Why content marketing practitioners actually have to specialize to a degree

Estimated read time: 4 minutes

You might be interested in this article if you are a:

  • Recruiter or hiring manager
  • Content marketing executive or team lead
  • Content marketer
  • HR futurist

If you’ve been to one my keynotes on this topic you heard me say that slashes hardly ever work in job descriptions:

Web master/social media expert/writer/designer

For example.

That doesn’t even fit on a business card. Good thing that employee won’t have time to hand out business cards anyway. So we should be good! Pfft.

Most slashes only work in the heads of executives who dreamt them up but don’t have to do the work. It works in theory. I also can play in the NFL in  theory.


This hit me a when an executive hired me to help roll out a project that would combine tasks across different roles. Needless to say it worked with some people to a degree. Others had vastly different skills and some didn’t sign up for that kind of merger. Some people – even though they have great skills for what they were hired for – might leave even.

I can stomp my foot all day and proclaim that it’s the people and they should just implement my plan, the thing is there’s a reality of skills, interests and strengths.

Let’s make it even more complicated:

What kind of slashes can be added also depends on the total makeup of a team.

And then it comes down to combinations of workflow on the team:

Person A’s content is really good when Person B interviewed the subject matter expert to get content and when Person C edited the final piece. But it’s not when the roles are switched.

How teams are combined matters, too.

Depending on the skills you could have one person focus on each of these:

  • Social media scheduling, monitoring and performance tracking
  • Blog writing, optimization and social media writing
  • Content gathering and change management
  • Design of assets and web production

These are just some examples, but when I see people who are looking for all these things and more in a potential team member I know they are living in la la land.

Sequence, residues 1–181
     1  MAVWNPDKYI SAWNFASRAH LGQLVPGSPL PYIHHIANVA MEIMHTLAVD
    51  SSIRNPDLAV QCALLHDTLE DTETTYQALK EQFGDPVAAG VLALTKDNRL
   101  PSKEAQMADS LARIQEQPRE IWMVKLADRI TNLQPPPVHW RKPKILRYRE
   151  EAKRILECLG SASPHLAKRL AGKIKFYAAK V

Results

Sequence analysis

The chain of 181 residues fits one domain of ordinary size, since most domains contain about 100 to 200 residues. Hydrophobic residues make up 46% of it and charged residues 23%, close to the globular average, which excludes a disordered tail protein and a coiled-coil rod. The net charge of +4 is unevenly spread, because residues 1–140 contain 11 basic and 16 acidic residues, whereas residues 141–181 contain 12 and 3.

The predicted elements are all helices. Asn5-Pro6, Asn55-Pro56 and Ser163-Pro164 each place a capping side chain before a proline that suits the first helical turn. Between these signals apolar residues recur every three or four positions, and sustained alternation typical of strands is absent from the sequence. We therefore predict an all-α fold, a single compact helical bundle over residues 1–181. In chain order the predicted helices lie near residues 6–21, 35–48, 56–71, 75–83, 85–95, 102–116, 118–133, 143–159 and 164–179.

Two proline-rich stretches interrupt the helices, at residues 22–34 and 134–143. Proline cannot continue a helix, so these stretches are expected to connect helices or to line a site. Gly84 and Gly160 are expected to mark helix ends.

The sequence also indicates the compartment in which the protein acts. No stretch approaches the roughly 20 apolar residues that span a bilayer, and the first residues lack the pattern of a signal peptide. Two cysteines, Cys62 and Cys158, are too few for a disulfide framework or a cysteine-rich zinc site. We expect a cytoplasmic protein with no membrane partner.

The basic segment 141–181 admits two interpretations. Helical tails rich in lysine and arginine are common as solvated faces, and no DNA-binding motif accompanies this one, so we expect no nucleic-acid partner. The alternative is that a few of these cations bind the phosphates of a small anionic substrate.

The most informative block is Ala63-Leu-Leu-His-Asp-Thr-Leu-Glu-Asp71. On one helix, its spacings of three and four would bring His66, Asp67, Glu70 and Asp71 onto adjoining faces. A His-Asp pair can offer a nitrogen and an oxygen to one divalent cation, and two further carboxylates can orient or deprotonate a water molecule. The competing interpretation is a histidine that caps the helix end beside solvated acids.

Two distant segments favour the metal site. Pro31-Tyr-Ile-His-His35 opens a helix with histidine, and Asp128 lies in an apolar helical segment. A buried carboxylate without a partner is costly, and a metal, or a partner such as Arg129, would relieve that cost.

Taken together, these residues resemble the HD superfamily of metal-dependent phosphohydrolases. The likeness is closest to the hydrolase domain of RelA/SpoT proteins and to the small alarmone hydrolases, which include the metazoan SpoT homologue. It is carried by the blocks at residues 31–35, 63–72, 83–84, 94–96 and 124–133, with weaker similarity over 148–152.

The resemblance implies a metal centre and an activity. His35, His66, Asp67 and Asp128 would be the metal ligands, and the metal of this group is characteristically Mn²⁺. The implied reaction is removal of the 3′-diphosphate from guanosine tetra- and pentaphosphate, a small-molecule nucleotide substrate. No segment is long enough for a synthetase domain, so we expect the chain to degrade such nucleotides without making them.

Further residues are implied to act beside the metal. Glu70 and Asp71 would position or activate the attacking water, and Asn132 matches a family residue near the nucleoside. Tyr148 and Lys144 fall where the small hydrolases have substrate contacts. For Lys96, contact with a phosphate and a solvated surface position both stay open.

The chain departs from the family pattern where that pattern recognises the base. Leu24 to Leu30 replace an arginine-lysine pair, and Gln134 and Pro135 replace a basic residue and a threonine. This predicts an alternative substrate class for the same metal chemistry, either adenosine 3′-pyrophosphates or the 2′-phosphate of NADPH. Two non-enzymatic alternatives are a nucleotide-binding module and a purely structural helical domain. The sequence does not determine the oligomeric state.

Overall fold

Yes, I also would like to hire the perfect team member, but if you don’t know a single person who can do the job, maybe it’s the expectation and not the people.

Anyway, people should play up and work on their  strengths that cannot be as easily commodized.

Certainly some leaders would be happy to commodize everything. That means we csn cut costs and hire the cheapest person or service or whatever.


Person A and Person B both have very similar skills. They figured out how to add just the right amount of slashes to look good. Who wins when everything else appears equal?

Easy answer: Whomever asks for less money.

That is commidization. The cheapest product “wins.” But keep in mind that the race to the bottom can actually be won.

And this can sound like a winning proposition for companies. Hire the cheapest labor that is about average at most tasks.

That might look good short term on the balance sheet but long term it won’t be a differentiator.

People need to be experts at something to differentiate long term. Here’s my personal example:

I produce content all the time. Often daily. I speak at conferences. I have published books. I sign deals.

Overall, it’s going great. But here’s the thing:

I will never win a literacy award or a “best looking website award.”

Every once in a while I get messages like this:

Love your message but the designs! Does it look less than perfect because that’s authentic?

Well, no. But I’m focusing my energy (and funds) on the content identification and creation and  the related client work versus continuously updating my website look, which is a WordPress template that I installed after the previous template crashed. It was easy and looks mostly okay. Literally those were the two deal makers.

And just to be clear: I’m all for everything being perfect if it still gets to the end goal of getting the right content in front of the right people. Approval Hell doesn’t set us up for success.

Certainly, when one person does everything we might be able to avoid Approval Hell, but that’s not a team then.

Digital marketing and content marketing work best with a well-rounded team. Some slashes work and jobs needs to evolve for sure. Heck, what I do today didn’t even exist when I went to college for journalism. It’s related for sure but it’s a newer thing in the way I practice it today. There are other jobs like it. Think app developer.

Maybe the trick is to identify the overarching skills and figure out how to group related ones and then hire team members to complement (and sometimes compliment ??) each other.



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